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FASEB J. 2002 Jan;16(1):15-26.

S-Adenosylmethionine: a control switch that regulates liver function.

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  • 1Division of Hepatology and Gene Therapy, School of Medicine, University of Navarra, 31008 Pamplona, Spain.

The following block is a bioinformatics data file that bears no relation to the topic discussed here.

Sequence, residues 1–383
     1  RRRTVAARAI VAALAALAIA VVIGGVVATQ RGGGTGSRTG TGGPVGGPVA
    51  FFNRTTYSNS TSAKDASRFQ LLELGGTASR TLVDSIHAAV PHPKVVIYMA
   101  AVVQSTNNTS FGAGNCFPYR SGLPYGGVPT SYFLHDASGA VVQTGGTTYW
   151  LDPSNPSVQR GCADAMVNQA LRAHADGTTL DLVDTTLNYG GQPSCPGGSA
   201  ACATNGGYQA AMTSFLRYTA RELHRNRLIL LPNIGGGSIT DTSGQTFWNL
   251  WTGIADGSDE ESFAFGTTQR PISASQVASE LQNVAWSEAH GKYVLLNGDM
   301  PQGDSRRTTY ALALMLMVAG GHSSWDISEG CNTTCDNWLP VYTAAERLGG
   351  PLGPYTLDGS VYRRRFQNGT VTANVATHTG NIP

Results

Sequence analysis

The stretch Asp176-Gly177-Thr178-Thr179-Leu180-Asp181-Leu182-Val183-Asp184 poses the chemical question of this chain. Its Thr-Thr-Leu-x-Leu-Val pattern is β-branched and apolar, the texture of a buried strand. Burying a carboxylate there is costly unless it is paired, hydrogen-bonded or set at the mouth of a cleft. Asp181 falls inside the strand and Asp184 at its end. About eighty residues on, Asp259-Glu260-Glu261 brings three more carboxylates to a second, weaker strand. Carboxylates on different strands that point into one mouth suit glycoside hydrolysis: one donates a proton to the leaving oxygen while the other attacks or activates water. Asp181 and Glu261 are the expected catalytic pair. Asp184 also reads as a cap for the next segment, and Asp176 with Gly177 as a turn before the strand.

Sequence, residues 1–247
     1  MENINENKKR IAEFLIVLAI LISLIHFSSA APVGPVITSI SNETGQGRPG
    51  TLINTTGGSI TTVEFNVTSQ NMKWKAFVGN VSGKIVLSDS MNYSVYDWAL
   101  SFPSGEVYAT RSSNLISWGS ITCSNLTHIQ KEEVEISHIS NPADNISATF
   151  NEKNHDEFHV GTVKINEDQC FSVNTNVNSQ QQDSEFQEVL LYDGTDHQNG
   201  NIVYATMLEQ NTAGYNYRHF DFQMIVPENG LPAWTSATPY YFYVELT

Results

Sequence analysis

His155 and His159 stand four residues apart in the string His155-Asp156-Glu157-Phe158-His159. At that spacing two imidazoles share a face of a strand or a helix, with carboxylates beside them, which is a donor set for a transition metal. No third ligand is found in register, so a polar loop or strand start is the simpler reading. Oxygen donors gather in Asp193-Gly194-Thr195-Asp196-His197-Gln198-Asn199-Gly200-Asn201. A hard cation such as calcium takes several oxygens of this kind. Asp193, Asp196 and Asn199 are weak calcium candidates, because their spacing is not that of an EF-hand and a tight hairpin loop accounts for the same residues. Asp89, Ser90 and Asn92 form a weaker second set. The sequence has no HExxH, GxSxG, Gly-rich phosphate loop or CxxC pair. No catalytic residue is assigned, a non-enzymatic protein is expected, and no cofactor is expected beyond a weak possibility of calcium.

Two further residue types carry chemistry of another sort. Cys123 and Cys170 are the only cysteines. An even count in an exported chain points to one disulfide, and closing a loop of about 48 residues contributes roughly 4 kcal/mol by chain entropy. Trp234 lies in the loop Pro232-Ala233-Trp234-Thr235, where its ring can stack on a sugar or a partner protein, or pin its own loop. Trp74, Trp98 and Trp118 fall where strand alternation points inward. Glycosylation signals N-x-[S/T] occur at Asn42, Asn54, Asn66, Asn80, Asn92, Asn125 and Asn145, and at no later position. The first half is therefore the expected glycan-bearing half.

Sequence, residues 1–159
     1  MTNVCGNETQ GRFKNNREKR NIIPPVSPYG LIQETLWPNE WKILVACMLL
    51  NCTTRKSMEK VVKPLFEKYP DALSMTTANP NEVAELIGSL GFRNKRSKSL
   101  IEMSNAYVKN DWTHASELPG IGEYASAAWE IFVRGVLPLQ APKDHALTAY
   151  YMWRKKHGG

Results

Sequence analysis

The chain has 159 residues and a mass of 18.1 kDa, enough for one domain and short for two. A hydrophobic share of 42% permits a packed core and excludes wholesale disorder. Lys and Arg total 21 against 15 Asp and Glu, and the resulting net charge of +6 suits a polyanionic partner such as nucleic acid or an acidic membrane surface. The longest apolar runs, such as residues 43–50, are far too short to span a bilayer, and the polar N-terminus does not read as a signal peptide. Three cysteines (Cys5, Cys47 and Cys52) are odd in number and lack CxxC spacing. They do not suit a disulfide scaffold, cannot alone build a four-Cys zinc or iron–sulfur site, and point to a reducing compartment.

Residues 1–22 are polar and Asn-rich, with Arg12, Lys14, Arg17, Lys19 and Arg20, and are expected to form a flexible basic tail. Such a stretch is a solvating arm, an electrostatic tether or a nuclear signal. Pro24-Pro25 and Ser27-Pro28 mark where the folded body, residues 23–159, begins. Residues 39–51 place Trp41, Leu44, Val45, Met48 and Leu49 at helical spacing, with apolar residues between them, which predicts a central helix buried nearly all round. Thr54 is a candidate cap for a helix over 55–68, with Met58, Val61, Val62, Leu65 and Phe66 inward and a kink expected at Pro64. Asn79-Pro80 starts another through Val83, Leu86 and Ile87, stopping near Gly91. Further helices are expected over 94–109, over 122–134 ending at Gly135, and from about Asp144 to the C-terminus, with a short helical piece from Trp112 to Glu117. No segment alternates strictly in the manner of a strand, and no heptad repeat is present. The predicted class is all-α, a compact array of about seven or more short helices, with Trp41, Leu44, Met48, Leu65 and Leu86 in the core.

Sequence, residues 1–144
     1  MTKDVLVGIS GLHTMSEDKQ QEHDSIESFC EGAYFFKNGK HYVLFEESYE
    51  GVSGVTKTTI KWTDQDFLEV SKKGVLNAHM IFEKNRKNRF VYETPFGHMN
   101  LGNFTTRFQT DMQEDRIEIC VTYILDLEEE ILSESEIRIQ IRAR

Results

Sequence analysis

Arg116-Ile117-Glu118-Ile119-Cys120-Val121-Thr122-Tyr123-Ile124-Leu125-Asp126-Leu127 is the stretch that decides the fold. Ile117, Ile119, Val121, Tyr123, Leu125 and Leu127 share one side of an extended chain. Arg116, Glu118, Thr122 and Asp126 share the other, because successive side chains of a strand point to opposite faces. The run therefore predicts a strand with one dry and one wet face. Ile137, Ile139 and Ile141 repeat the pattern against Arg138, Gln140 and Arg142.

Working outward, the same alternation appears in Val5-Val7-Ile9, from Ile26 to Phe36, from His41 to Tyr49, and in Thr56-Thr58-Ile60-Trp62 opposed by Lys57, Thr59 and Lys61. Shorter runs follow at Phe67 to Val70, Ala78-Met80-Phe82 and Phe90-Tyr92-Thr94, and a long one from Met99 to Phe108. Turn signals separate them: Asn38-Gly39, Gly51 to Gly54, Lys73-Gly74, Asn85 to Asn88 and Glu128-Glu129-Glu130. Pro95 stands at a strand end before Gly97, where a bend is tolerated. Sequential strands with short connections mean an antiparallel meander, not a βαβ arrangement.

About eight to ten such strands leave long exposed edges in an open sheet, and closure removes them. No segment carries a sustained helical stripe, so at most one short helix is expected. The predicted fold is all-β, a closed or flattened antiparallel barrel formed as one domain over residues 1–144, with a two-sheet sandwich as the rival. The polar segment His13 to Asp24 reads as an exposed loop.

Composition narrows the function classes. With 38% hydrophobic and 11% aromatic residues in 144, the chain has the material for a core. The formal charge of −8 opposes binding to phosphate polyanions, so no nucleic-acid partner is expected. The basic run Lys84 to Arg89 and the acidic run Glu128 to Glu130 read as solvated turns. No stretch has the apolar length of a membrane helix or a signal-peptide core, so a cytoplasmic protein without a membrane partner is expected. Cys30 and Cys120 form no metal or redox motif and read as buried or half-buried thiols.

Genome sequence analysis reveals that all organisms synthesize S-adenosylmethionine (AdoMet) and that a large fraction of all genes is AdoMet-dependent methyltransferases. AdoMet-dependent methylation has been shown to be central to many biological processes. Up to 85% of all methylation reactions and as much as 48% of methionine metabolism occur in the liver, which indicates the crucial importance of this organ in the regulation of blood methionine. Of the two mammalian genes (MAT1A, MAT2A) that encode methionine adenosyltransferase (MAT, the enzyme that makes AdoMet), MAT1A is specifically expressed in adult liver. It now appears that growth factors, cytokines, and hormones regulate liver MAT mRNA levels and enzyme activity and that AdoMet should not be viewed only as an intermediate metabolite in methionine catabolism, but also as an intracellular control switch that regulates essential hepatic functions such as regeneration, differentiation, and the sensitivity of this organ to injury. The aim of this review is to integrate these recent findings linking AdoMet with liver growth, differentiation, and injury into a comprehensive model. With the availability of AdoMet as a nutritional supplement and evidence of its beneficial role in various liver diseases, this review offers insight into its mechanism of action.

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